Then Moses and Aaron, Nadav and Avihu, and seventy of Israel’s elders ascended. They saw the God of Israel, and under His feet was the likeness of a pavement of sapphire, like the essence of heaven in its purity. He did not raise his hand against the close Israelites. They beheld God, ate, and drank. (Exodus 24:9-11).
In our Jewish tradition, we speak of the Torah being composed of black letters and the white spaces between them. The black letters are linear, but the white spaces are portals into other time zones and other dimensions. We travel into these zones to retrieve Torah’s meanings.
Here, Torah speaks of seventy elders. Flash forward fifteen hundred years in time, to read in Talmud about seventy faces of Torah. Seventy possible interpretations of any passage, to reflect seventy different world cultures.
Torah speaks of sapphire, in Hebrew, sapir. Flash forward another seven hundred years, when Kabbalistic philosophy is emerging. Sapir becomes the root of sefirot, the Kabbalistic word for spiritual qualities that emanate from God.
Torah speaks of the leaders who come close (in Hebrew, etzel) to God. Flash forward an additional three hundred years to a more highly developed Kabbalistic system. The root etzel re-appears in the word atzilut, a state of being where human consciousness merges with the Divine.
Whoosh, whoosh, whoosh. Send the mind forward in time to gather data, send it back to apply it to Torah. Relax linear consciousness, listen to the mind’s associations, and allow the associations to coalesce into interpretations.
What might it mean to see God? To be open to diversity; to look with generosity on the spiritual qualities in one another; and to remember that, despite our different religious paths, we share a yearning to connect with something greater than difference.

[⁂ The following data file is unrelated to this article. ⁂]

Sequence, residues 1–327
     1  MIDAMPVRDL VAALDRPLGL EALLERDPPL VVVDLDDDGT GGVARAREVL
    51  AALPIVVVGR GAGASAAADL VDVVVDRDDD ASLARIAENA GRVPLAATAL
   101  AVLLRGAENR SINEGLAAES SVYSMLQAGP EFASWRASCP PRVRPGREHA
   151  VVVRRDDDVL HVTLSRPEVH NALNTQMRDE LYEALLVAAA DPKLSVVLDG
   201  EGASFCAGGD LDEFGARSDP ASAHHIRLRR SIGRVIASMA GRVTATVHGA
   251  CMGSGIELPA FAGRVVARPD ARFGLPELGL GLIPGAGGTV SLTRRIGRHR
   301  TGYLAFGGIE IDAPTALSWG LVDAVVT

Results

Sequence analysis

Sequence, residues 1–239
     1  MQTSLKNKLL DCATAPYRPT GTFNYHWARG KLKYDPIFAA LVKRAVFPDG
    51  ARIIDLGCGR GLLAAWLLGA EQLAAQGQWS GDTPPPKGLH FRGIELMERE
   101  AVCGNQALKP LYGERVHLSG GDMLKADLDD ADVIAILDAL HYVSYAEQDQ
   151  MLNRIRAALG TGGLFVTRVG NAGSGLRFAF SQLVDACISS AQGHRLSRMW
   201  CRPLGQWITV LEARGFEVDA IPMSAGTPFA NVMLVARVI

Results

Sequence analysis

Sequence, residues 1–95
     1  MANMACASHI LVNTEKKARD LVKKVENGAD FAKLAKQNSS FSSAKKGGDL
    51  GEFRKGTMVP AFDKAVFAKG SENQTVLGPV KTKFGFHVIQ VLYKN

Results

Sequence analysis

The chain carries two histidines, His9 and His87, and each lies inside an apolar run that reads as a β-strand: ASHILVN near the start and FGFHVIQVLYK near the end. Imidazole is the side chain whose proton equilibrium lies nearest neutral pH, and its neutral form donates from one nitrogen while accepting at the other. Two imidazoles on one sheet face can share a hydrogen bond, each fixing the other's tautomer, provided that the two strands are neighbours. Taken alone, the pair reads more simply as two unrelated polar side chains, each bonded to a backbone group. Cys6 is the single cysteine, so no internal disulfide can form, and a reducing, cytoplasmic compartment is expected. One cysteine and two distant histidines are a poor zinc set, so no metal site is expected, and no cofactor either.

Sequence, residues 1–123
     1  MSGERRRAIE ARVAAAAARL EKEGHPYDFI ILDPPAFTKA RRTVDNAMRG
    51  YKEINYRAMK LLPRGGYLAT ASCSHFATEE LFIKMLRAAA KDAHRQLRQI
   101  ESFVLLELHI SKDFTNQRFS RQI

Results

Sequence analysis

That’s what we try to do together in our Vancouver School of Theology class, “Jews and Christians: A Theological Journey.” Our journey is structured like a course, in a reasonably linear way, but it’s really a portal into all the big questions of ethics, society, religion and spirituality.
We are 25 adults of all ages. Nine of us identify with a Jewish movement: Orthodox, Reform, Renewal or Reconstructionist. Eleven identify strongly with a Christian denomination: United Church of Canada, Presbyterian, Anglican or First Nations Christianity. One of us is a Unitarian. Four identify with no mainstream tradition, calling themselves seekers, pagans, questioners, or creators of a new integrated path.
At each weekly class meeting, we start with contemporary religious and spiritual questions of general interest, chosen by students. How do we define a universal ethics? How can Canadians of different religious traditions feel comfortable praying in public? Then we move to issues specific to Judaism and Christianity, chosen by my co-teacher Rev. Dr. Jason Byassee and me. How do Exodus motifs guide modern Jewish practice? How do contemporary practicing Christians make sense of the virgin birth? What do Jews think Christians think Jews think? And what do Christians think about that?
On a typical day, our class whooshes between the surprising, the challenging, and the comical. We gasp, we ponder, and we laugh. We taste the experience of those 74 Israelite leaders at their spiritual picnic – or so I would like to think.
For more perspectives on Parshat Mishpatim (Exodus 21:1-24:18), click here.